Pilot Season Reviews: Round Three!

I continue to have a major problem with Pilot Season as I look at Top Cow’s releases and wonder if they shouldn’t be trying to publish more or if they’re really one step away from just releasing Witchblade and The Darkness as their only titles. As it is this batch of Pilot Season books are actually very good! Even the third book that I’m going to talk about prior to its release is worth being given a mini-series at the very least. But atlas, only one of these books will be given the false hope of eventually having its own mini or at least the title of “winner.”



No it’snot the Shakespeare movie bombing at the box office, this book is basically about a black ops operative that deserted the war and came home to do random acts of kindness. Okay it’s not too random considering it’s his father that he’s helping, but soon after he meets a woman how is being abused at home. He “black ops” into her home and black bags the man. When he awakens he’s tied to a pier with the tide coming in. Mr. Black Ops tells him that if he every raises a hand to another woman again that he’ll kill him. He leaves him, but times his call to the police so that they save him just in time but not before the fear of God gets to him. Unfortunately a Zebra can’t change its stripes. The abusive husband, who also happens to be a dirty cop, strikes another woman that’s investigating his criminal activities. From nowhere, Mr. Black Ops pops out with a shot-gun and says, “I warned you!”

That’s it. I was sold on this book before the last scene,but by this point I had actually forgotten that I was reading a Pilot Season book. What’s worse is that now I know that if I ever read this book again it could be years from now and by then it won’t have the same topical relevance a sit does now. It’s too because this book is definitely good enough to be a mini or even an ongoing depending on where the creators want to take it. If Image is smart they’ll green light this book once Top Cow crumbles.



Here’s another good book that is definitely worthy of an ongoing. When you have Phil Hester co-writing anything you make it an ongoing. This book takes everything that was cool about Spawn and discards all the horrible ideas that were shoehorned into the story. Our Seraph is a man who put a gun to his head and pulled the trigger. But an Angel brought him back to life and made him a power for God. Now he walks the city looking for a sign as to what to do with the power. His omen this time is a lost child poster. He shows up at the mother’s house and ask her about her daughter and the STD junkie mother tells him that she sold her for drugs and rent, but wants her back. Honestly it was the most believable junkie mom I’ve ever read. The Seraph tracks her down to a man who is basically a spider demon and he’s going to kill him, boom his power disappears. God shuts him down because he’s not doing his will, but his own.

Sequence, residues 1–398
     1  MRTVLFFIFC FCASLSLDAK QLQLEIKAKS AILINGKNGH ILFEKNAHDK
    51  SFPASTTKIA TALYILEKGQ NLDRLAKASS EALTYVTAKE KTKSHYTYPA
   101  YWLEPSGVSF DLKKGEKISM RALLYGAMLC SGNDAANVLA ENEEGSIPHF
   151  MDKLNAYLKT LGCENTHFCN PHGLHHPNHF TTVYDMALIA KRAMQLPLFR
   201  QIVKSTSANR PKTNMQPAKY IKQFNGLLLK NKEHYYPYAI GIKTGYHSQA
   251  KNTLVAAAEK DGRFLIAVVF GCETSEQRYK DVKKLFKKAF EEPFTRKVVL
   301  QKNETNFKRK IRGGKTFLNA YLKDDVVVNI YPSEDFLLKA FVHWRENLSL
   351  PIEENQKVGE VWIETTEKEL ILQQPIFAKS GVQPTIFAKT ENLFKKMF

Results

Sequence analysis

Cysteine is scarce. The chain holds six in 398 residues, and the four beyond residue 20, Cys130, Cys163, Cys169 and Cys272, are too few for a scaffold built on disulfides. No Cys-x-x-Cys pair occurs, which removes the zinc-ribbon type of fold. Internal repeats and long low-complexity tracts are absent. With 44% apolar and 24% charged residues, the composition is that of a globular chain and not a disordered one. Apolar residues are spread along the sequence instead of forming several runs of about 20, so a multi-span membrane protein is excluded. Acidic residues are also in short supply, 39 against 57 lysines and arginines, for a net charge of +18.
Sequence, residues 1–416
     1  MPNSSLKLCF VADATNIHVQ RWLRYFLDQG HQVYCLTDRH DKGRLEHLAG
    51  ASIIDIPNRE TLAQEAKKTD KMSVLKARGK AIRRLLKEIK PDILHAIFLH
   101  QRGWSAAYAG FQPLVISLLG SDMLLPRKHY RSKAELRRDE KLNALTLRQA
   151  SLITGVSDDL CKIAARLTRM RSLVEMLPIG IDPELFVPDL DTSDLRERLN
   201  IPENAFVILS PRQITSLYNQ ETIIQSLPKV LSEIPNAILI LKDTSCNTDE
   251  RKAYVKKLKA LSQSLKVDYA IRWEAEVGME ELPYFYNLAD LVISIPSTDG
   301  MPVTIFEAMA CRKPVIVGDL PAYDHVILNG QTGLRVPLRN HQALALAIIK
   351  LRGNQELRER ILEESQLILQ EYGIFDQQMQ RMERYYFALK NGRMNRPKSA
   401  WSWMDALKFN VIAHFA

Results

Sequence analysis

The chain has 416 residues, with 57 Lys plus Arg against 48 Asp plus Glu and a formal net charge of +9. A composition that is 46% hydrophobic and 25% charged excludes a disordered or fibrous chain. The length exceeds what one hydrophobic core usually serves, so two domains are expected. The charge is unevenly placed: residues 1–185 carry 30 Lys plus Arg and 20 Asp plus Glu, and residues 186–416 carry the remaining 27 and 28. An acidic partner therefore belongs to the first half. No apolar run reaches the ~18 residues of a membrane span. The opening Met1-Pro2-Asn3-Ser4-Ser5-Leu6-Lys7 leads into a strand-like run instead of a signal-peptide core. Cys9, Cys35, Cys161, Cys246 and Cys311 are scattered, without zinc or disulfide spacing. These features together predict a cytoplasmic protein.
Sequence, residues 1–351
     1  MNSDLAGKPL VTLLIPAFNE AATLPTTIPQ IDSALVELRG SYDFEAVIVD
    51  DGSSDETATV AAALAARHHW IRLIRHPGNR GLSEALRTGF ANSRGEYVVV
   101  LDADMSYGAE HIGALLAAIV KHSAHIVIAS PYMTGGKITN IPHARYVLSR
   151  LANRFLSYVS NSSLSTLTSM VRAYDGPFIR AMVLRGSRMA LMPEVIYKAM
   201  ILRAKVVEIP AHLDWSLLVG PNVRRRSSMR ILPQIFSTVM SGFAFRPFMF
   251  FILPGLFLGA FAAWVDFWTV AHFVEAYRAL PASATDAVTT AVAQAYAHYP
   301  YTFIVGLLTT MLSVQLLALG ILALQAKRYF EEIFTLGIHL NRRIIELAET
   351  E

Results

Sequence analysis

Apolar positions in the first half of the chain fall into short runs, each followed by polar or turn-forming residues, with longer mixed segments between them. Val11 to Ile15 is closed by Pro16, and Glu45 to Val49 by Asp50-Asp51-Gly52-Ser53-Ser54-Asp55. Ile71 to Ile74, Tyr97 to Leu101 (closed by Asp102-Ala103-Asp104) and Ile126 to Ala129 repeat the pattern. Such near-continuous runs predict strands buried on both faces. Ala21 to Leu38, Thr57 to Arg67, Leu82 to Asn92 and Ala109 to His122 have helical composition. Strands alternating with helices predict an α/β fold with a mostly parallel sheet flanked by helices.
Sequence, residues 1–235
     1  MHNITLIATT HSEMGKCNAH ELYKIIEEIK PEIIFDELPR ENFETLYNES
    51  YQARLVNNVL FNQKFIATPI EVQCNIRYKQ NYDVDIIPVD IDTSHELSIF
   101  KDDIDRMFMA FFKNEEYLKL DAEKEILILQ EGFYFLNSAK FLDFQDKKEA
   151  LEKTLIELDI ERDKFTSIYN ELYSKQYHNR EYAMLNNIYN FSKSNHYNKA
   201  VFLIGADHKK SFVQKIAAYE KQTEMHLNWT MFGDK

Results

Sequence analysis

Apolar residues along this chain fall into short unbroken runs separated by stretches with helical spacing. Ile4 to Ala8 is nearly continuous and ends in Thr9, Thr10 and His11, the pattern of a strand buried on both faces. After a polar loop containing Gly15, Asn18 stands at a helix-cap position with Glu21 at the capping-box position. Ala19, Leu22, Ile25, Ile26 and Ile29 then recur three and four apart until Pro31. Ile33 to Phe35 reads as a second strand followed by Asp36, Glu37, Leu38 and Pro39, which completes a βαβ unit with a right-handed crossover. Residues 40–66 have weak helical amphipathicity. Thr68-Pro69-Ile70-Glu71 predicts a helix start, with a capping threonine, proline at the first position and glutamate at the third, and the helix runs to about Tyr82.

That is why this book is so interesting. To see this character have to constantly figure out God’s will in any given situation when faced with pure evil was just brilliant. I couldn’t believe how smart of an idea it was and it shocked me that this was doomed to Pilot Season purgatory(pun intended). This book has so much potential and so much talent working on it that it’s a shame that it’s not being given an ongoing. This really could have been the next Spawn and possible ran for just as long given the circumstances of the story. Oh well right?

City of Refuge


Here’s the thing, I couldn’t tell if the world outside this city was gone or if the people within the city have cut themselves off from the rest of the world… and I liked that I couldn’t tell. I’m pretty sure that the city is functioning outside of normal society with participants that have signed up to live a crime free life under the corporate microscope. These people suffer from survivor’s guilt as they think about the people they’ve left behind. Our story follows a therapist that also works as a security guard in the city. When he’s on duty he’s given a drug that shuts down the chip implanted in his head that controls his violent emotions. On the first night of his twelve-hour duty he’s summoned to a hostage situation. It seems that the drug the security officers use has hit the street and now normal people are turning off their chip in order to be… violent.

The story didn’t amaze me, but honestly if this was a mini-series I would definitely pick up the next issue and give it a read. Sadly this book that could really have turned out to be a gem is just another casualty of Pilot Season. -- I guess you should probably go vote on one of these three books. They really are the best that they have to offer and out shine the others we’ve talked about, but really I don’t care either way since I’m still waiting for Mysterious Ways to finish so I can win all those free comics from Top Cow…like that will happen.